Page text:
By Gary Bogue
Thursday, March 22nd, 2012 at 6:45 am in Lead bullets.
GET THE LEAD OUT!
Please read the information below and do what you can to help GET THE LEAD OUT! As you can see, this is vitally important for you, me, and all the other living creatures on this planet. Thanks for caring. /Gary
We’ve taken dangerous lead out of paint, gasoline, water pipes and even cooking utensils. But perversely, we continue to allow lead to poison and kill millions of birds and other animals in the wild each year. This wildlife epidemic is entirely preventable.
That’s why the Center for Biological Diversity and more than 140 other groups recently petitioned the Environmental Protection Agency to regulate lead in hunting ammunition. Fragments of lead bullets are often left in game that’s shot in the wild, and spent lead shotgun pellets can litter popular hunting areas at densities of more than 400,000 pellets per acre. Bald eagles, California condors, trumpeter swans and dozens of other bird species are poisoned when they consume lead-tainted game or ingest toxic lead shot. Some birds merely get sick, but millions die of lead poisoning annually.
There’s a human health risk, too. Studies have shown that lead bullets fragment extensively and can spread dust-sized particles of toxic lead throughout shot game, causing a greater health risk to humans who consume lead-shot game than previously thought. Some state health agencies have had to recall venison donated to feed the hungry because of lead contamination. Nearly 10 million hunters, their families and low-income beneficiaries of venison donations may be at risk.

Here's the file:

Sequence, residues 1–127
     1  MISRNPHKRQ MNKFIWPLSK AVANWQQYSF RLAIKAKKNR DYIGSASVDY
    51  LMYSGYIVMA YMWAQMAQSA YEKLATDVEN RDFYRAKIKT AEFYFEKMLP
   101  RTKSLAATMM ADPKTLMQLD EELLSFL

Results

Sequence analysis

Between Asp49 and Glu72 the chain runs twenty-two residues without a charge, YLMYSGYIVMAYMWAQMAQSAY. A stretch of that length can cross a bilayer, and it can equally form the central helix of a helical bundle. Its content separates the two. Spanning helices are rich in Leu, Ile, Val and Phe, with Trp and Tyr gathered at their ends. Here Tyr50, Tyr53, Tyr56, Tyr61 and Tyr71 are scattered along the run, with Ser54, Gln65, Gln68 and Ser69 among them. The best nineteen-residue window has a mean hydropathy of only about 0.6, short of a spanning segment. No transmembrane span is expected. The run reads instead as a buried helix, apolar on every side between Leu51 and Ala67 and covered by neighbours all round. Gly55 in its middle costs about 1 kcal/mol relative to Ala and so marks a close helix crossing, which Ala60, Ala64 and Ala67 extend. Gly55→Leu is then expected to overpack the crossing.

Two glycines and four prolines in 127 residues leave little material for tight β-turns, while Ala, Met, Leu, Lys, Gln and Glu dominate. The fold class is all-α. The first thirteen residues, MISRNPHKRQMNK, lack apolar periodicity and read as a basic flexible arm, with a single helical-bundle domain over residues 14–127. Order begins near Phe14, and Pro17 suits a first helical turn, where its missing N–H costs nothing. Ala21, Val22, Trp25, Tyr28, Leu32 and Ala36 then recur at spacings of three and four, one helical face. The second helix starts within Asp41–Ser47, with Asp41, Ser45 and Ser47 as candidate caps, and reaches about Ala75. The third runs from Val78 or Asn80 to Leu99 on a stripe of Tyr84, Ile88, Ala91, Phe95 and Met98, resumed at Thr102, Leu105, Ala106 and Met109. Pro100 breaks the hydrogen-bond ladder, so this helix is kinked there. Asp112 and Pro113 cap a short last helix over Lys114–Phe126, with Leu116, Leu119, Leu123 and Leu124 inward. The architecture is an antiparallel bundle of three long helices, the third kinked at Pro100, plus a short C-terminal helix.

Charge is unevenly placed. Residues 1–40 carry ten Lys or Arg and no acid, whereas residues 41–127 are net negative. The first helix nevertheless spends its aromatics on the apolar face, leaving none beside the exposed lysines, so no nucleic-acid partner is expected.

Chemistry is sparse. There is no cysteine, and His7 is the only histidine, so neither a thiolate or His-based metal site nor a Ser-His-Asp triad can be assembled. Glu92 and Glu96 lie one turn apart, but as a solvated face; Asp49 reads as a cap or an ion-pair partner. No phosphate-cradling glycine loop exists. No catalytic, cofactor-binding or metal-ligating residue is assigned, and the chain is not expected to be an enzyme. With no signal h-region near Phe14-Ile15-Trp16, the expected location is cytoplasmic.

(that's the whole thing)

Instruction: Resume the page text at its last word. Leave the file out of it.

It doesn’t have to be that way. Today, there are plenty of affordable, nontoxic alternatives to lead bullets on the market, available in all 50 states. Just like we did with lead gas and lead paint, it’s time to make a shift toward nontoxic hunting products.
I’m writing to ask for your editorial support for this petition to regulate lead hunting ammunition.
We have plenty of information on our website http://www.biologicaldiversity.org/campaigns/get_the_lead_out/index.html, including information about our petition http://www.biologicaldiversity.org/news/press_releases/2012/lead-03-13-2012.html, frequently asked questions http://www.biologicaldiversity.org/campaigns/get_the_lead_out/pdfs/Lead_ammo_petition_FAQ_3-13-12.pdf, the science of lead poisoning http://www.biologicaldiversity.org/campaigns/get_the_lead_out/scientific_reports.html and a list of groups in support of our petition http://www.biologicaldiversity.org/campaigns/get_the_lead_out/pdfs/Get-the-Lead-Out-Coalition.pdf.
This petition isn’t about stopping hunting or taking anyone’s guns away. In fact, some of this effort’s staunchest supporters are hunters who rightfully understand this petition aligns with traditional American conservation and hunting values. (You can read one hunter’s op-ed in The New York Times here http://www.nytimes.com/2010/12/16/opinion/16prieto.html?_r=1 and a Times piece on the petition here http://green.blogs.nytimes.com/2012/03/15/zeroing-in-on-lead-in-hunters-bullets)
Ultimately, this effort is about protecting public health and saving America’s wildlife from unintended — and preventable — killing. It’s a common-sense solution to a toxic lead-exposure problem.
Thanks for any support you can provide and, again, I’d be happy to talk or answer any questions you might have.
Center for Biological Diversity
351 California Street, Suite 600
San Francisco, CA 94104